It’s a funny old world when the tilting basic greatest hit (!) of a Chiffchaff starts to make a welcome change from the wall to wall Whitethroat/Willow Warbler dune soundtrack, but there you go.
In some years there are more Chiffies singing in the dunes, pushing up from the south, well past the historically agreed Ince Blundell Woods Willow/Chiff demarcation border (north of here Willow Warblers used to always outnumber the southern Chiffies until just a few years ago).
In 2018 the stubby-winged summering Chiffies almost outnumbered Willow Warblers in the dunes.
Not this year – there are Willow Warblers everywhere, and what was once a fresh and eagerly sought out song just a few weeks back is now a constant (albeit nice) overly familiar loop.
Whitethroats are beginning to sound annoying too – a sure sign the season is creeping on.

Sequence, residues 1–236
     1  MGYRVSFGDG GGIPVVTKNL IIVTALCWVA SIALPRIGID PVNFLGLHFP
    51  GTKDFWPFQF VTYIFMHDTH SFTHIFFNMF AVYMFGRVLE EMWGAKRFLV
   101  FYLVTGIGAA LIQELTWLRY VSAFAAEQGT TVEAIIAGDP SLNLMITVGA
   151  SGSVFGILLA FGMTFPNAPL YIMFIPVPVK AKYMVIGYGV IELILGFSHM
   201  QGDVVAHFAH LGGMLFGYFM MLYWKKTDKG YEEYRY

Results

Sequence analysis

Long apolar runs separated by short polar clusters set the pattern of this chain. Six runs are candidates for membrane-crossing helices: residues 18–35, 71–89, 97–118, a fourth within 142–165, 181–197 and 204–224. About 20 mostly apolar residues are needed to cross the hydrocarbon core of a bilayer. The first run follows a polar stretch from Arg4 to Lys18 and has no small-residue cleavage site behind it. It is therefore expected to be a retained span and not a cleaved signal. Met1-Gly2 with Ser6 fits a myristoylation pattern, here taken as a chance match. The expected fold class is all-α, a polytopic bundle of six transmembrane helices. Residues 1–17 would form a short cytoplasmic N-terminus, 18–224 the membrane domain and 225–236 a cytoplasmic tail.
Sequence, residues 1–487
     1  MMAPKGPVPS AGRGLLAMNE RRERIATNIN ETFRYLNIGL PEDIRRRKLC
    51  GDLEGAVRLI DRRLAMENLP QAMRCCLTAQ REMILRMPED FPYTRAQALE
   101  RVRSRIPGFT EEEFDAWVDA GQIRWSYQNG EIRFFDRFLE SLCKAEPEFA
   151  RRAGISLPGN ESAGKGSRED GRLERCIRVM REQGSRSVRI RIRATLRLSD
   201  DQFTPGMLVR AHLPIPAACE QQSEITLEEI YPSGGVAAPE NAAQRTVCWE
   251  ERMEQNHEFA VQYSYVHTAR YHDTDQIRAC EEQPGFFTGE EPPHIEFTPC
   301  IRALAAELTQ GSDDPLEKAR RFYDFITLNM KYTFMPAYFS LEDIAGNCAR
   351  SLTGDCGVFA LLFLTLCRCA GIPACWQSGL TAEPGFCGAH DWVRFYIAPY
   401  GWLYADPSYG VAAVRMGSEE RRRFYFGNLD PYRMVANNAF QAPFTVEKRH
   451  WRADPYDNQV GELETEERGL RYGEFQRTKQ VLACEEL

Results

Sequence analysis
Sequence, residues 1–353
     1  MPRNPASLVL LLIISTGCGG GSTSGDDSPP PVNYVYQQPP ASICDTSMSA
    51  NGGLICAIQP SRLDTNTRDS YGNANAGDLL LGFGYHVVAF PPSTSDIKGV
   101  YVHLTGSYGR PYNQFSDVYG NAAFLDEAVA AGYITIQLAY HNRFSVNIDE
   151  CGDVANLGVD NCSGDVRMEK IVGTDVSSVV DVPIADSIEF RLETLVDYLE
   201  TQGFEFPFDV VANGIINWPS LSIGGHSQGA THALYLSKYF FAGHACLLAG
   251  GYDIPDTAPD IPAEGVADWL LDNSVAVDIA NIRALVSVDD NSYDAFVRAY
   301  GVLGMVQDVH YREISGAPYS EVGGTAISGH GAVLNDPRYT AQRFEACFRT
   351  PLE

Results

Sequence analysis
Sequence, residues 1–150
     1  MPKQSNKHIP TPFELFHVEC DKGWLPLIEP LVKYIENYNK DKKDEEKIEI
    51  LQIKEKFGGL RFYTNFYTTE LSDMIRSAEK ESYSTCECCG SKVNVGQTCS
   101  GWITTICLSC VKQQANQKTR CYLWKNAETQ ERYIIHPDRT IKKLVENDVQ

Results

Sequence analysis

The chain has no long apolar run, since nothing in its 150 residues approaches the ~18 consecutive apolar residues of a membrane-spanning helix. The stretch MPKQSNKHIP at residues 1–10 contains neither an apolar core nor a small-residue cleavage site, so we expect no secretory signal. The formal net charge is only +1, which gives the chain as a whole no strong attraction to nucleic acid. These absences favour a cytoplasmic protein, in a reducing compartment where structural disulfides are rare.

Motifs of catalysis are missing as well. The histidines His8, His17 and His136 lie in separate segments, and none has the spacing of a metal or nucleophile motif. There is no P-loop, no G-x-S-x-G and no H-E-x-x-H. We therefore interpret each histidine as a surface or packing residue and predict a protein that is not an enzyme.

It was my own fault for getting into the dunes for my Ainsdale site visit late today – the place always starts to quieten down after 9am, but there were still two, possibly three Lesser Whitethroats singing at 10am.
I reckon one bird was the individual we’d watched rattling away by the office on Thursday morning.
One about a quarter of a mile from here this morning felt “new”, and although distant it sat out in the sun for awhile, its undercrackers bleached a shocking white in the glare.
A Cuckoo slipped quietly south through the hot air, with just a single Mipit in pursuit – the female I’d seen a few days ago perhaps?
The butterfly dynamic is rapidly changing as well – a few days back Wall Browns were the most abundant on the wing, now a big emergence of Common Blues, like elevated and energised Heath Dog Violets, have superceded them and Small Heaths are out too.
Along with many other birders I have my fingers crossed that the cold front sweeping down tonight and tomorrow may bring a few new birds in – spring has plenty more cards to play before it hands over to summer yet.
As ever, thanks for all the comments and support, keep letting me know what you’re seeing too…